Decolorization of the azo dye direct blue 14 was monitored in a mixture containing 1.4 mL DB14 solution (20 mg L−1), 0.2 mL 0.5 M sodium acetate buffer pH 3.5, 0.2 mL crude enzyme, 0.2 mL of deionised water, 0.1 M H2O2, 0.1 M MnSO4 or 5.5 mM ABTS solutions, at 25 ± 2°C [20].

Visible spectra were recorded with a UV-visible (Elico-SL191) spectrophotometer at  nm. The rate of decolorization was expressed as the percentage decrease in absorbance at the peak wavelength. Control tests were conducted with crude enzyme replaced by deionised water. Experiments were performed in triplicate, and results were expressed as the mean values.

3. Results and Discussion

All four species of Pleurotus selected in the present work showed different rate of decolorization of DB14. Among the four species of Pleurotus, P. flabellatus showed the fastest decolorization of DB14 followed by P. florida, P. sajor-caju, and P. ostreatus on 200 mg/L of DB14 (Figure 1). P. flabellatus completely decolorized DB14 within 8 days. P. flabellatus effectively decolorized the dye at the concentration of 400 mg/L and also at 600 mg/L. At 400 mg/L concentration complete decolorization occurred in 10 days and other species took almost the similar time, but the rate of decolorization and mycellial growth were better in case of P. flabellatus. Same results were observed at 600 mg/L concentration. The degrees of decolorization of different dyes such as malachite green, indigo carmine, xylidine ponceau, Bismarck brown and methyl orange using the white rot fungus P. ostreatus were previously evaluated by Neelamegam et al. [21]. This study demonstrated the potentialities of white rot fungi in bioremediation of dye contaminated ecosystems.

180156.fig.001
Figure 1: Decolorization of DB14 by Pleurotus spp.

The time course of laccase and MnP activity was followed in the wheat bran supplemented liquid media over a period of 21 days. Initially, it was observed that amongst the four species of Pleurotus, P. flabellatus showed the highest laccase activities on all days evaluated, reaching maximum levels of 915.7 U/mL in 12 days of culture of P. flabellatus on wheat bran containing media. This was followed by P. sajor-caju which showed maximum laccase activity (608.6 U/mL) in 12 days. Subsequently, P. ostreatus and P. florida showed maximum laccase activity, that is, 436.3 U/mL and 353.3 U/mL in 9 days and 21 days, respectively (Figure 2). MnP activities were detected at levels of up to 769.2 U/mL by P. flabellatus in 12 days old culture followed by P. Sajor-caju, P. ostreatus, and P. florida that is, 407.4 U/mL, 241.8 U/mL, and 329 U/mL on 9, 9, and 15 days old culture, respectively (Figure 3).

180156.fig.002
Figure 2: Laccase production by different Pleurotus species in submerged condition.
180156.fig.003
Figure 3: MnP production by different Pleurotus species in submerged condition.

Every species showed maximum enzymatic activity on the th day or after the th day of incubation, which might be due to the occurrence of initial lag phase when species try to establish it in new medium. When cultures are established in the culture medium, they enter into log phase, and metabolically this is the most active phase where species show maximum enzymatic activity. Cereal bran was reported to increase ligninolytic enzyme production of the white rot fungi Coriolopsis gallica and Bjerkandera adusta [22]. In the beginning of the experiment, on day 3, different Pleurotus species showed low enzymatic activities. This was followed by sharp increase up to 12 days in P. flabellatus and P. sajor-caju, whereas in case P. ostreatus and P. florida it took 9 and 21 days for laccase. P. flabellatus and P. florida, showed maximum MnP activities in 12 days whereas P. ostreatus and P. sajor-caju showed the maximum MnP activities in 9 days, respectively. Laccase and MnP both are oxidative enzyme and have broad range of substrate specificity.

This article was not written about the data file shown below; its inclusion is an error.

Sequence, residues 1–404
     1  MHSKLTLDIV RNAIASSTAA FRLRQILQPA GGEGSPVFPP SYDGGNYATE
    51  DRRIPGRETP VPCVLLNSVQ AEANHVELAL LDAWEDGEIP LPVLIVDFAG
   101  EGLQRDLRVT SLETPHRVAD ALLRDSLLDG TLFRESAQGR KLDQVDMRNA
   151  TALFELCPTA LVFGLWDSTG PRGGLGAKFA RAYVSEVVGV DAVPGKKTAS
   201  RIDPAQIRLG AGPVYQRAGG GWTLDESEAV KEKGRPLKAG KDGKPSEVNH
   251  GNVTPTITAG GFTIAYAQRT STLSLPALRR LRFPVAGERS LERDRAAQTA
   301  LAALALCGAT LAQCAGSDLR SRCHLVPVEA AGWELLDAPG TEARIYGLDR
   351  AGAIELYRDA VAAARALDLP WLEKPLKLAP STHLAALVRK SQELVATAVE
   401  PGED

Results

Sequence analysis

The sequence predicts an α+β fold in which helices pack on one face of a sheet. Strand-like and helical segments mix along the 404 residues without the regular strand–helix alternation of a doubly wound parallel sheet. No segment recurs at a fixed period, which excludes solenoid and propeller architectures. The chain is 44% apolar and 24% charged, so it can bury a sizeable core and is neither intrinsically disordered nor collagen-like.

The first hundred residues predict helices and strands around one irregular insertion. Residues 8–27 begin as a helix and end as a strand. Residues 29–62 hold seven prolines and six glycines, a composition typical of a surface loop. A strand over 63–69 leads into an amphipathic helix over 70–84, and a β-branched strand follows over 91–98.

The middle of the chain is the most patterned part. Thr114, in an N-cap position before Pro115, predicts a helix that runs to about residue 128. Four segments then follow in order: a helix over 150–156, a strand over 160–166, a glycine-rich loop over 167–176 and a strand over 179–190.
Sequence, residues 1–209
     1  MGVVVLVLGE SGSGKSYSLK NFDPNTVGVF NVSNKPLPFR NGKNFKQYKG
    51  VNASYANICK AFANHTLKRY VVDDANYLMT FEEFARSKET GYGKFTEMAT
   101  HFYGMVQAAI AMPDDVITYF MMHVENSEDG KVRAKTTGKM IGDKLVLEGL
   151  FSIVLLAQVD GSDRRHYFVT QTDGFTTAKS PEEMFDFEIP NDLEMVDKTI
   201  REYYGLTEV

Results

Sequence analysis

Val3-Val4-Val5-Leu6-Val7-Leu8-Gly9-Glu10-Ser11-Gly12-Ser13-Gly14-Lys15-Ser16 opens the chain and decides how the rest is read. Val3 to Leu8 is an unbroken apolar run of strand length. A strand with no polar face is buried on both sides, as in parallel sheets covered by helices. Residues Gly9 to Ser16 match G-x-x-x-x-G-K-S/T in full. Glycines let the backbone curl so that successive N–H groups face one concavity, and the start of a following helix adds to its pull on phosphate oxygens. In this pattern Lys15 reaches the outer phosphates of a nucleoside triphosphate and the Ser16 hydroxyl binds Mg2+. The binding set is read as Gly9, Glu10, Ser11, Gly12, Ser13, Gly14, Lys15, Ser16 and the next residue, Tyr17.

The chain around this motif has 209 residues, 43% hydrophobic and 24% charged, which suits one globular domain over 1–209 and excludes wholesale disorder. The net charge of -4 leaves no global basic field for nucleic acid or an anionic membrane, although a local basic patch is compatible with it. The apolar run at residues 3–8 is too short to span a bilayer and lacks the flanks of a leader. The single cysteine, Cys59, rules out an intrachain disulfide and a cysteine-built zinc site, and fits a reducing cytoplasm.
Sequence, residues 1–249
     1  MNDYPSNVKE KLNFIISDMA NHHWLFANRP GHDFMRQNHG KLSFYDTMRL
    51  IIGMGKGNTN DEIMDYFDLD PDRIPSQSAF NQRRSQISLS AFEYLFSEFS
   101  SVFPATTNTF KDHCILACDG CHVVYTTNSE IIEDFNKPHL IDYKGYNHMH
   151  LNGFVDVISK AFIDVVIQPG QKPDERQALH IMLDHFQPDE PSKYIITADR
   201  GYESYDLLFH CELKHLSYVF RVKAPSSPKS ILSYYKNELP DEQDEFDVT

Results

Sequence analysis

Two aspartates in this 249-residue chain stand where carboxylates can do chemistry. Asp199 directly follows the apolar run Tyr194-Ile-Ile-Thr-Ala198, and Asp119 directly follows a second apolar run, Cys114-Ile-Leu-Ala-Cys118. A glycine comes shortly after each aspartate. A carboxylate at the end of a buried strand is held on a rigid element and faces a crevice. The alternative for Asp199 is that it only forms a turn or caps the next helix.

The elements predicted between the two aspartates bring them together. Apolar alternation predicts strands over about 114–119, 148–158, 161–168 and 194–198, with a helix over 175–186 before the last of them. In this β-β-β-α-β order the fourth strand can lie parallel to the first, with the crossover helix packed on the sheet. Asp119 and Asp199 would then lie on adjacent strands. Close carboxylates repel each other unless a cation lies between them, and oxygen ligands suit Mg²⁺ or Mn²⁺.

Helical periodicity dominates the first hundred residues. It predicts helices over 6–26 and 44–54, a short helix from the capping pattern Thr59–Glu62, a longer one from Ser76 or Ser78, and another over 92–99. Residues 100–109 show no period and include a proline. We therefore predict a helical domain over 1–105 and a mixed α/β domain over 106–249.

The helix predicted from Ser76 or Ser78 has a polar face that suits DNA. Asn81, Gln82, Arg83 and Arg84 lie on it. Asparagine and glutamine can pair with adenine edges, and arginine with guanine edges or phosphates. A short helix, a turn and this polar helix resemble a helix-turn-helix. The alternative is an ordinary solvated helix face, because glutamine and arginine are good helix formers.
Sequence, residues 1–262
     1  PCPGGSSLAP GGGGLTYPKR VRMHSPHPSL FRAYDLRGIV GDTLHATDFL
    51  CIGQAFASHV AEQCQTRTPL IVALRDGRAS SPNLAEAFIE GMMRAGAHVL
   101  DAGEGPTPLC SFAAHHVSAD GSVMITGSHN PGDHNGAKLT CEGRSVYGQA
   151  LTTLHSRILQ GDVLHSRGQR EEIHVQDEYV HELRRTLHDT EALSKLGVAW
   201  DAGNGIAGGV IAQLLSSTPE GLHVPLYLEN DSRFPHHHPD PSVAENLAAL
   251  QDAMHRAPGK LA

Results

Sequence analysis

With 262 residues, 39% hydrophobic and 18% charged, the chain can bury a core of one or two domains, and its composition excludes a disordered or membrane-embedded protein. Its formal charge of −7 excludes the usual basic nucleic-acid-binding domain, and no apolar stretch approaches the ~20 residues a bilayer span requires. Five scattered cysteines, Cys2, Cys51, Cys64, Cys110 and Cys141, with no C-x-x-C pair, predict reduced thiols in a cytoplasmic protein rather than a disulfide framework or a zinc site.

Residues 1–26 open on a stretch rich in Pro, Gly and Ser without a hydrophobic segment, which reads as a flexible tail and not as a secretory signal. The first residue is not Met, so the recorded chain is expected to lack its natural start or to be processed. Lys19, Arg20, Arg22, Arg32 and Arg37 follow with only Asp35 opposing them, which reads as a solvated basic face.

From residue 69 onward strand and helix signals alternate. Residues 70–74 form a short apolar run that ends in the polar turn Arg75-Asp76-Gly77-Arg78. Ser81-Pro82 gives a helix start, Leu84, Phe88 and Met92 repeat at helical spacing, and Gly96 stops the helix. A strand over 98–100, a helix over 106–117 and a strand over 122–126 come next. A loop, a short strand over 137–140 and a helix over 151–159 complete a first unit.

Several authors have discussed the role of lignicolous fungal enzymes in the decolorization of dyes [14, 23, 24]. Crude enzymes obtained from cultures of P. flabellatus on wheat bran containing malt extract media were tested for decolorization of DB14. Figure 4 shows the percent decolorization during various periods. The decolorization of the dye using crude enzyme was 46.49% in the first hour, in present investigation. 90.39% DB14 decolorization was reported in 6 hrs at room temperature (30°C).

180156.fig.004
Figure 4: Decolorization of DB14 by crude extracellular enzymes of P. flabellatus.

The laccase [16] and MnP [25] play a major role in complete oxidation of DB14. It was observed that laccase and peroxidases can act as starters of a chain reaction which leads to dye degradation by generating highly active free radicals (e.g., Mn3+, lipid, hydroxyl, and peroxy-radicals) [26, 27]. According to Meyer [28], because of the structural variety of azo dyes, they are not uniformly susceptible to biodegradation. It was demonstrated that substituent groups such as nitro and sulpho are frequently recalcitrant to biodegradation, whereas 2-methyl, 2-methoxy, 2,6-dimethyl and 2,6-dimethoxy-substituted 4-(4-sulfophenylazo)-phenol were preferred for azo-dye degradation by peroxidase from Streptomyces spp. and Phanerochaete chrysosporium [29]. The breaking down of the dye into smaller fragments, including the breakage of the azo bond, can lead to a decrease in the absorbance of the visible spectra and in a colorless solution [30].

4. Conclusion

The present investigation suggests that the white rot fungus Pleurotus flabellatus can be used in bioremediation of dye-contaminated ecosystems. This is because of the presence of powerful enzymatic machinery which can effectively degrade the recalcitrant and toxic dyes. Out of four species investigated, P. flabellatus showed the maximum enzymatic activity. Extracellular enzymes extracted from 12 days old culture of P. flabellatus decolorized the DB14 to maximum extent. For better enzyme production the wheat bran can be used as supplement in liquid media. Decolorized effluent after enzymatic treatment can be reused by industries and also in agriculture.

Abbreviations

DB14:Direct blue 14
MnP:Manganese peroxidase
hrs:Hours.